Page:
The act will allow foreign ships to land in Puerto Rico ports.
President Donald Trump’s administration has finally waived the Jones Act, which will allow foreign ships to bring aid to hurricane ravaged Puerto Rico.
The Jones Act has been enforced since its inception in 1920. It states that any goods transported by water into U.S. ports must come in on ships made in the U.S., owned by U.S. citizens, have American crews.
From The Wall Street Journal:
On Thursday morning, the Trump administration and DHS announced that a waiver to the Jones Act, which was blocking foreign-flagged vessels from shipping relief supplies to Puerto Rico, had been issued. The reason was “in the interest of the nation’s defense,” according to DHS spokesman David Lapan. Hurricane Maria, a Category 4 storm, ravaged the island last week, destroying its electrical grid and leaving it desperately short of food, clean water and fuel.
The Jones Act waiver, which is good for 10 days, will allow foreign-flagged ships, to bring aid to Puerto Rico from U.S. ports and from foreign ports. Lawmakers from Puerto Rico and the U.S. sought the request because aid can be delivered at a lower cost from other nations.
“This waiver will ensure that over the next 10 days, all options are available to move and distribute goods to the people of Puerto Rico. It is intended to ensure we have enough fuel and commodities to support lifesaving efforts, respond to the storm, and restore critical services and critical infrastructure operations in the wake of these devastating storms,” said Acting DHS Secretary Elaine Duke in a statement.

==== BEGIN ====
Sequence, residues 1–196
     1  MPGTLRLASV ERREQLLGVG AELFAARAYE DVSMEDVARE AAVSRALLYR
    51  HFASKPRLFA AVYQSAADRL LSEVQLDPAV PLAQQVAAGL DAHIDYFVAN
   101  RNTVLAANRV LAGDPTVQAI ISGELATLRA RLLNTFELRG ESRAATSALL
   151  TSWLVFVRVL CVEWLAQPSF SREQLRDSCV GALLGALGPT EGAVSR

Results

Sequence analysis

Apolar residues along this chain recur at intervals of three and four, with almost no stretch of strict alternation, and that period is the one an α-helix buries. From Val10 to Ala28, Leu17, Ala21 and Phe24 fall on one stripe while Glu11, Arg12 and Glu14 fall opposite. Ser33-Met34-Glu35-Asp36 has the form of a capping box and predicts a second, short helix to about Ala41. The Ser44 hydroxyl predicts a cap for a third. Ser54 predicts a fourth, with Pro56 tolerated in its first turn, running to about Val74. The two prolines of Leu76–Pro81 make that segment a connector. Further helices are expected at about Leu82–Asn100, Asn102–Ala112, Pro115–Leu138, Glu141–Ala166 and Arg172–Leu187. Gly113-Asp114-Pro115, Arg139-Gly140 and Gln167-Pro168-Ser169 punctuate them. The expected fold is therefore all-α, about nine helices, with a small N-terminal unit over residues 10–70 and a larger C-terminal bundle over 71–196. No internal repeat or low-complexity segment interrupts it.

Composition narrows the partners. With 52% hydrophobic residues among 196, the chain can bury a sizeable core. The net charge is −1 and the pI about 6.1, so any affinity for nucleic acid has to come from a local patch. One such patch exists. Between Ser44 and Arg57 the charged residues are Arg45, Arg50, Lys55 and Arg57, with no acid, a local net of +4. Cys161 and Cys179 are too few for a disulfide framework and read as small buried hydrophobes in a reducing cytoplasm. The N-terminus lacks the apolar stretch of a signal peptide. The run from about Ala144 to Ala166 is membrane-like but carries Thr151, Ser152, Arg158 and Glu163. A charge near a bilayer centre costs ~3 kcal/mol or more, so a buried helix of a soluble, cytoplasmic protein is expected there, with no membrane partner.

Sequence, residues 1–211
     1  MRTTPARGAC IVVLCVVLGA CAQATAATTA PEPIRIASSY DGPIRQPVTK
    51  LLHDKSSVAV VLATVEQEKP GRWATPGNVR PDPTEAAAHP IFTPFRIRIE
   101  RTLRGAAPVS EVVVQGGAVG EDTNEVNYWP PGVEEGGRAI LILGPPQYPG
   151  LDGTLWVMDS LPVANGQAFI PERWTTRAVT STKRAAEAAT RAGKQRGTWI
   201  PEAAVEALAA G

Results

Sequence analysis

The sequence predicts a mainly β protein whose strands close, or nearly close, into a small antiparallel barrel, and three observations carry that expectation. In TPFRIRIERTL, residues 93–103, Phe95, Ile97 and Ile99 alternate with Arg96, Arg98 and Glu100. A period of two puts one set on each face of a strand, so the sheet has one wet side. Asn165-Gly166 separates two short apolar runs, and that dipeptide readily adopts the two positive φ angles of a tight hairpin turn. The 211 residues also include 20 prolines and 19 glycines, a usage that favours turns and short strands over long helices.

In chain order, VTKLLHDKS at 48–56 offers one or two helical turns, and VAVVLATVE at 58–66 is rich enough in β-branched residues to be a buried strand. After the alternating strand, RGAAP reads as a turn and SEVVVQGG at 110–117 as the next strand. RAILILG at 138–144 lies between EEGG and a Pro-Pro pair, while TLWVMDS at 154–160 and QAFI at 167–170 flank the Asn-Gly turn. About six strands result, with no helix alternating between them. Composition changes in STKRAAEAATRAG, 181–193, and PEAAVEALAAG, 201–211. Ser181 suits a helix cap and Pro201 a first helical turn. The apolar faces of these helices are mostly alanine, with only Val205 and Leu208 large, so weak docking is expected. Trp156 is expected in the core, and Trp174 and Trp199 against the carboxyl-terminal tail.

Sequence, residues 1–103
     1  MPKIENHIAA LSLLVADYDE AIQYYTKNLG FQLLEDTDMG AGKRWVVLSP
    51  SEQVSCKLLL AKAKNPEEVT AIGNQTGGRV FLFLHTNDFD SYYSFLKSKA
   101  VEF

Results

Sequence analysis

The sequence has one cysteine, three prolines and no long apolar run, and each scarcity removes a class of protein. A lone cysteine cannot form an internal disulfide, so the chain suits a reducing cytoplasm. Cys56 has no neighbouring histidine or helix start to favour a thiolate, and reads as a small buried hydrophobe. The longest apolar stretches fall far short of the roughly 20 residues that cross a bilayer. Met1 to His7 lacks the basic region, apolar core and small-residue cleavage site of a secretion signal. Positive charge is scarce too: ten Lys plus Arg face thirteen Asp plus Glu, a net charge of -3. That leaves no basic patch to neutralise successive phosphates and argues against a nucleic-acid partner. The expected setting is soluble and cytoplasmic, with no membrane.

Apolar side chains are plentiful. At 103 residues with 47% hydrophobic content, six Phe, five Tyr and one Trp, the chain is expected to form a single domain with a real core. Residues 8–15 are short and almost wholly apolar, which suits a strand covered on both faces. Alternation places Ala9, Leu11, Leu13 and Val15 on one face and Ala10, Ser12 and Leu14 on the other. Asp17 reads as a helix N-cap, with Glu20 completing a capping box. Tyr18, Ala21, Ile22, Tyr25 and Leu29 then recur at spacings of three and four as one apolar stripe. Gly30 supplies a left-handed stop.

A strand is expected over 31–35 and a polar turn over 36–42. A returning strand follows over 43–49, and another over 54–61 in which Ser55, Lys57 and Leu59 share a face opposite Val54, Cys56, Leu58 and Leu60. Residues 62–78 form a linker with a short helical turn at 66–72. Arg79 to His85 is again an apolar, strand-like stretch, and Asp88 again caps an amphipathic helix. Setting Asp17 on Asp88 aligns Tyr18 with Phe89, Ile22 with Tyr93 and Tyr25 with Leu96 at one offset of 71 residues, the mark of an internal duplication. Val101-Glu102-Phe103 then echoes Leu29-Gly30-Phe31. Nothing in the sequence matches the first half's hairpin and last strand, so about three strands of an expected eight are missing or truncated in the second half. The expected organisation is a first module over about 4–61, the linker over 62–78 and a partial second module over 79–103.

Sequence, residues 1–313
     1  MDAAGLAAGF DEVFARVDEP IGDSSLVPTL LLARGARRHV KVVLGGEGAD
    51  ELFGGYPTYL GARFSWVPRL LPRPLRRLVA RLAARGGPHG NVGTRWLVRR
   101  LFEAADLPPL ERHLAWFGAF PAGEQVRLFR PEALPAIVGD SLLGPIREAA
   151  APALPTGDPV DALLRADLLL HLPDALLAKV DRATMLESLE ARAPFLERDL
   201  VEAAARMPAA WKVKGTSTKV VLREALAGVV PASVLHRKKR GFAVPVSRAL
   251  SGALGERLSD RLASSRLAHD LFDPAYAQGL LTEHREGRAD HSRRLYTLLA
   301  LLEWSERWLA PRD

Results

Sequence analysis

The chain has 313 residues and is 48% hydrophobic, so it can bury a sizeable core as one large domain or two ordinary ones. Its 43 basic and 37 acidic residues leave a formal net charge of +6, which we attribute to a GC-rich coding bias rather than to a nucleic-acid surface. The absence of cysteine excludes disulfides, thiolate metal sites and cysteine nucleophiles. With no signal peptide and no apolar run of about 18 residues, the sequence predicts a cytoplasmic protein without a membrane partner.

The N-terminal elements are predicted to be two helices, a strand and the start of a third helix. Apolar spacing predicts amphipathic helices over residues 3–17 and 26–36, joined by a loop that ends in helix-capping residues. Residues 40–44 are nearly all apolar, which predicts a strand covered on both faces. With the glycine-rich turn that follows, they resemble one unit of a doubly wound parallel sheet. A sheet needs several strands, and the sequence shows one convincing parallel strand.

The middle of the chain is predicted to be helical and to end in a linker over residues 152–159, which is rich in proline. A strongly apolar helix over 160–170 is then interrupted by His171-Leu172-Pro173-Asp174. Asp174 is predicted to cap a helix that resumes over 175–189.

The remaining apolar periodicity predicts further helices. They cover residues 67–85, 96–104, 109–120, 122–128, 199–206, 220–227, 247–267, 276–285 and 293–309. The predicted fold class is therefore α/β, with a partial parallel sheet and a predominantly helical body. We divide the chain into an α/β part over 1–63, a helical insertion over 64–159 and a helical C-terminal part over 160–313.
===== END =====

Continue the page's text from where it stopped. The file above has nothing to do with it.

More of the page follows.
Hurricane Maria wiped out electricity on the entire island that houses 3.4 million people. The people have also been without clean water or phone service, making it hard for them to reach family members in the states.
The administration waved the law after Harvey hit Texas and Irma hit Florida so ships could bring in petroleum.
Puerto Rico Needs Help
Vital aid sits in 9,500 storage containers in San Juan because the island has a shortage of truck drivers to deliver it. Plus, the “devastated infrastructure” on the island makes it hard to move the aid to those who need it most. The lack of diesel fuel also means no fuel for trucks to move the aid if they can. Without phone service, officials cannot contact the truck drivers they do have.
The medical community is also lacking supplies and people. CNN interviewed Dr. María Rodriguez at the Concilio de Salud Integral de Loíza in the northeast part of the island. At the time of the interview, published today, the hospital only has six hours of diesel fuel left. The hospital provides healthcare to the poor, but they may have to shut down.
Emergency medicine physician Dr. Robert Fuller, who works at the University of Connecticut and International Medical Corp, arrived in Puerto Rico to help out. From CNN:
He sees plenty of good doctors and nurses on the island, so it’s not a matter of human resources. “It’s a matter of getting the medications and treatments to the people,” Fuller says. It’s also a matter of being able to move around and get services to people, which cannot happen without fuel.
In the shortest term, people with diabetes who don’t have access to the right food and medication will be most vulnerable, Fuller says. A week without insulin, which requires refrigeration and a needle, can lead to a coma, which in turn can lead to death, he says. People relying on dialysis may also be in trouble.
The children’s hospital in San Juan has received plenty of diesel fuel from other hospitals and personnel worked together to either discharge or transfer 45 sick children.
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